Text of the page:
the throat moment to end an event-packed and,

at times, thrilling five days. Bravo, and more of

the same next year, please.

Glyn Akroyd, Sam Turner, Rebecca

Frankland, Debra Williams, Matt Hogg

MEINE NACHT

Static Gallery

MEINE NACHT. It doesn’t take a bilingual raver to

work this one out: it stands for My Night –which

is suitably reflective of the concept around

which these events are built: every person

who attends is encouraged to make of it what

they will – it’s all about the personal experience

someone has when it comes to nightlife.

The club scene in Liverpool is thriving, and

it’s not just the big dogs that are wowing

crowds. Events like Meine Nacht are catering to

our natural need for intimacy – something that

is frequently lost when the crowd numbers are

high and the pyrotechnics are bright. The party

was launched by two Liverpool-based DJs (a

familiar enough story), but the territory they’re

crossing into is unique. They push excitement

through the choice of a secret venue prior

to their last event, with the postcode kept

shush until the last minute. But they tease

the location through social media this time,

dropping hints and posting pictures of the

interior and exterior.

Although in many ways they have gone

back to basics and have stripped back the

idea of clubbing, they’re pushing forward with

relevant and new technology. The whole night

is streamed through Chew TV; something which

has been executed by major festivals through

services like BE-AT TV, and also small and

exclusive parties for Boiler Room, allowing

audiences to be involved even when they’re

not able to attend.

On arrival at what is eventually revealed as

Static Gallery on Roscoe Street, we are greeted

with friendly faces and a surprisingly chilled

atmosphere. Meine Nacht is characterised

as a project that combines media, music and

artistic visual representation, and the layout

reflects it. The projection screen behind the DJ

dances with pastel colours, contrasting against

the bare walls and metal beams on the ceiling

in the small main room, which only holds

approximately 60 people.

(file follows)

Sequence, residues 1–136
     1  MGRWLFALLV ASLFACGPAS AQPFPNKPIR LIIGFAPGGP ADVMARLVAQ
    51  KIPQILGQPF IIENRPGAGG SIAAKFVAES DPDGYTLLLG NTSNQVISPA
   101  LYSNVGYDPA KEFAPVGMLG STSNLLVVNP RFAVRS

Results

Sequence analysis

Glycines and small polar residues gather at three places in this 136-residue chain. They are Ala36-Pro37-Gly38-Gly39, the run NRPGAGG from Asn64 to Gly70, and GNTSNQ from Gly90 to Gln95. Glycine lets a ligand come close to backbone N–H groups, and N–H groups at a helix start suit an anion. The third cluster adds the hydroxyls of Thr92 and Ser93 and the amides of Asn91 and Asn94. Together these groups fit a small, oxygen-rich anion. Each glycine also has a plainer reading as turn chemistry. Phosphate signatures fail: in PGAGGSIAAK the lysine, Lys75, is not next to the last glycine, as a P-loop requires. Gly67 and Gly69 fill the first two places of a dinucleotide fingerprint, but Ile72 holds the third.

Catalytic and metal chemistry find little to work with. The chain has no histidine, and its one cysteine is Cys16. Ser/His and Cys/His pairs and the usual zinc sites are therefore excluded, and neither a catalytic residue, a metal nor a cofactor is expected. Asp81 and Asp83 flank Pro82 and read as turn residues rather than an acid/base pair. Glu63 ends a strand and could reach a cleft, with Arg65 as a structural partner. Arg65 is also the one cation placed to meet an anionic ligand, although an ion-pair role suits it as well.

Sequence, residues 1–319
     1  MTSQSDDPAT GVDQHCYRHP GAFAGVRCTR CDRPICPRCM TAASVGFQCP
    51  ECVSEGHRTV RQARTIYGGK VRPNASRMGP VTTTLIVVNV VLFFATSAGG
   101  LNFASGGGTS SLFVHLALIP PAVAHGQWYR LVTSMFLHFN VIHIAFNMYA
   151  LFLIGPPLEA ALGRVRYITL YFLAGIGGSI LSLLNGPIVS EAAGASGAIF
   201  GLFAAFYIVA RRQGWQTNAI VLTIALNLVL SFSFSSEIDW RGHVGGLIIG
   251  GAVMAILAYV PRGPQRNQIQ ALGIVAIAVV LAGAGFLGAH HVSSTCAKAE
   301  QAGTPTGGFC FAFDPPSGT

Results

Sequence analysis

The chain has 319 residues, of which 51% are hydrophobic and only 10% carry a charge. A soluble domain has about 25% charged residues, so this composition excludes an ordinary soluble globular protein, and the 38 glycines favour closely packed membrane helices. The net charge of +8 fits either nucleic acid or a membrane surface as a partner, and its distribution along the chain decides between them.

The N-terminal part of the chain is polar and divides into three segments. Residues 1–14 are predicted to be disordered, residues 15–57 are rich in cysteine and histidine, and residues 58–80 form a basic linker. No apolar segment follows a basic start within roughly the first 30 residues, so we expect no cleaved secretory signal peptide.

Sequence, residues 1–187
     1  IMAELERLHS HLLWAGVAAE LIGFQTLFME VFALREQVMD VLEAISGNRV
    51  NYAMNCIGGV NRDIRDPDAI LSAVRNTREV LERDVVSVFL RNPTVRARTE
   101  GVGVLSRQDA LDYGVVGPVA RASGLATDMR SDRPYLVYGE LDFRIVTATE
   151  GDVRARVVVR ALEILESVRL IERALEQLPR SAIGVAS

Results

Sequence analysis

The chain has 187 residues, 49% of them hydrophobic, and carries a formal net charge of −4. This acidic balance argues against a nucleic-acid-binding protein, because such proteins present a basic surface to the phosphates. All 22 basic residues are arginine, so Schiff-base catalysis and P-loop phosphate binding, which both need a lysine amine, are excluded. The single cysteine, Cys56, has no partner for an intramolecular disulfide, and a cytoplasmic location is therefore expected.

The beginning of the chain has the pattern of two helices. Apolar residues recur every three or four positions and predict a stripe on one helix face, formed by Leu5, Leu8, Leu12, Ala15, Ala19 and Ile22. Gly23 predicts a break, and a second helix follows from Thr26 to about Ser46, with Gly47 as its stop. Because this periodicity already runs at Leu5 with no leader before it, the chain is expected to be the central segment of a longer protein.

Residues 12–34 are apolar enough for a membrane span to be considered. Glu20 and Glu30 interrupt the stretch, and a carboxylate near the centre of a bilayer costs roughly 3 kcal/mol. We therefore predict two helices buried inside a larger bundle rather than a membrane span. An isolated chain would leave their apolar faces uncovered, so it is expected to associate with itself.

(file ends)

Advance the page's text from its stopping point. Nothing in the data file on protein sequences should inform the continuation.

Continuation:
Orlagh Dooley, the co-founder of Meine Nacht

along with Jessica Beaumont, explains: “We

don’t focus on how many people come through

the door; it’s more like a collaboration with the

audience, and this takes us back to the house

party feel which is rife within student lives.”

There is an element of trespassing, the

space seems hidden away from the centre of

the city, it is far from the hustle and bustle but

close enough to still feel like it is part of the

urban buzz. It is something that the creators

purposefully aim for. “Another big influence

came from our personal experiences exploring

Berlin,” Orlagh tells us. “The hidden scene around

the area of Kreuzberg is something we took into

consideration when starting the night.”


CC_BL_Advert_Oct_v1.indd 1 09/09/2015 14:50

WIN A YEAR OF EXPERT MUSIC

INDUSTRY MENTORING, PERFORMANCE

SLOTS AT TOP SUMMER FESTIVALS

AND RECORDING TIME!

THE MERSEYRAIL SOUND STATION

PRIZE CLOSES ON 10th OCTOBER!!

For information visit

MerseyrailSoundStation.com

Get There By Train


38

Bido Lito! October 2015 Reviews

It’s not only the venues which are intricately

thought-out; the choice of headliner is

undoubtedly a smart one. SAMUEL DEEP is

one of the most diverse and forward-thinking

young artists currently leading the scene. He

brings rolling bass, teasing synths and a set

filled with substance and style. It is quality

house music with no frills, leaving the crowd

bopping along as they mingle with friends.

“We really look at the way DJs connect with

an audience,” Orlagh says as she talks us

through her reasoning behind the booking.

“There’s no real musical trend when choosing

headliners; obviously we pick artists that we

feel are making waves in the underground

scene, but we don’t want to be confined in our

choices.”

The future looks bright for Meine Nacht, with

a loyal following of ravers that appreciate and

utilise the parties that they curate, and the lineups

are set to cement their reputation even

further. “We have artists coming up who are

signed to the likes of Jackmaster’s Numbers

label and also Smallville Records,” says Orlagh,

“and we do have plans to link up with other

brands for our parties.” Every detail makes

the difference with Meine Nacht and, moving

forward, the club night definitely has the power

to bring a little bit of Berlin to Liverpool with

each event.

Rebecca Frankland / @beccafranko

GREEN MAN FESTIVAL

Glanusk Park, Brecon Beacons

You only need two things for a truly great

festival: bands who impress and weather

that doesn’t depress. GREEN MAN is certainly

offering the former this weekend. The

headliners are a mixture of bona fide legends

and current members of the zeitgeist. However,

the weather, even as we make the short walk

from the shuttle bus to our chosen pitch, is

looking pretty ominous.